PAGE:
Abdal (caste)

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The Abdal (Shekh Hashmi) are a Muslim community found in North India. They are a sub-group within the Arabic old shekh community.[2][3] They are unrelated to the Abdal is Arabic, the only thing common between the two groups is an itinerant lifestyle.[4]


The Abdal are one of a number of Muslim semi-nomadic community, traditionally associated with begging at shrines of Sufi saints. They are likely to be a division of the hashmi community. The word Abdal is the plural form of the Arabic word Abdul, which means slave or follower. According to the traditions of the Abdal, they acquired this name on account of the fact that they were followers of various Sufi saints. The Abdal of Bihar speak the Maithili language, and are found mainly in the district of Purnea, while other Abdal communities speak the language of the region they reside in.[2]

In Gujarat, the Abdal are a community of beggars, who are also known as Dafali Ansaudagar, Shekh Hashmi and Daff Wala. Their traditional occupation was beating drums at Muslim shrines. The community is found mainly in Ahmedabad city.[5]

In West Bengal, according to the traditions of the community, the community is known as Abdal, as they are true slaves of God, and the word Abdal means a servant of God. Little is known when the community emerged in West Bengal, but presently form a distinct Muslim community.[3]

Current circumstances[edit]

The Abdal of Bihar are now mainly a land owning community. A significant number are involved in the manufacture of horse shoes. They are Sunni Muslims, with a small number are employed as village imams. The Abdal have a well-organized caste association, the Panchayat Jamiate shekh Hashimi.[2]

In Gujarat, the community is mainly involved in singing and begging at Sufi shrines. A small number of Abdal are now farmers. Like other Gujarati Muslims, they have a caste association known as the Abdal Samaj. They are an endogamous community, and marry close kin.[5]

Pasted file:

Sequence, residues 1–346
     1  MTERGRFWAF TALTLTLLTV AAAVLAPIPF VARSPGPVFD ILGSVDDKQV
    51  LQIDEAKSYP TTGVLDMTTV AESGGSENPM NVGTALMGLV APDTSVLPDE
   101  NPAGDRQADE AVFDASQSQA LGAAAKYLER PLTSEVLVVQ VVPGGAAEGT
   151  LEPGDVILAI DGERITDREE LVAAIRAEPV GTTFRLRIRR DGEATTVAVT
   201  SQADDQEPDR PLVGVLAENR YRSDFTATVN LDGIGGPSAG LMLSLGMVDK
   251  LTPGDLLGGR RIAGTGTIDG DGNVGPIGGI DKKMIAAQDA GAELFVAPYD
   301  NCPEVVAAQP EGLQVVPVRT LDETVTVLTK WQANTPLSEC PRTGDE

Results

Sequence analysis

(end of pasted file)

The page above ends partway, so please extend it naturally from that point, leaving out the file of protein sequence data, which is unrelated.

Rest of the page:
The Abdal in West Bengal are found mainly in the districts of 24 Parganas, Murshidabad, Birbhum and Burdwan. They are in West Bengal, a landless community whose traditional occupation is seeking alms on festive occasions. Most have now given up their traditional occupation, and are now landless agricultural labourers. A few Abdal are marginal farmers. The community speak Bengali among themselves and with outsiders, and usually live in multi-caste villages with Khotta Muslims living in the vicinity of the Abdal. They are strictly endogamous, with absolutely no intermarriage with other Muslim groups.[3]

See also[edit]


  1. ^ "Archived copy". Archived from the original on 2009-03-09. Retrieved 2009-05-10.CS1 maint: archived copy as title (link)
  2. ^ a b c Abfal in People of India Bihar Volume XVI Part One edited by S Gopal & Hetukar Jha pages 28 to 31 Seagull Books
  3. ^ a b c Marginal Muslim Communities in India edited by M.K.A Siddiqui pages 344-356
  4. ^ Marginal Groups and Itinerants by Ingvar Savanberg pages 602 to 612 in Ethnic groups in the Republic of Turkey / compiled and edited by Peter Alford Andrews, with the assistance of Rüdiger Benninghaus (Wiesbaden : Dr. Ludwig Reichert, 1989) ISBN 3-88226-418-7
  5. ^ a b People of India Gujarat Volume XXI Part One edited by R.B Lal, P.B.S.V Padmanabham, G Krishnan & M Azeez Mohideen pages 31-34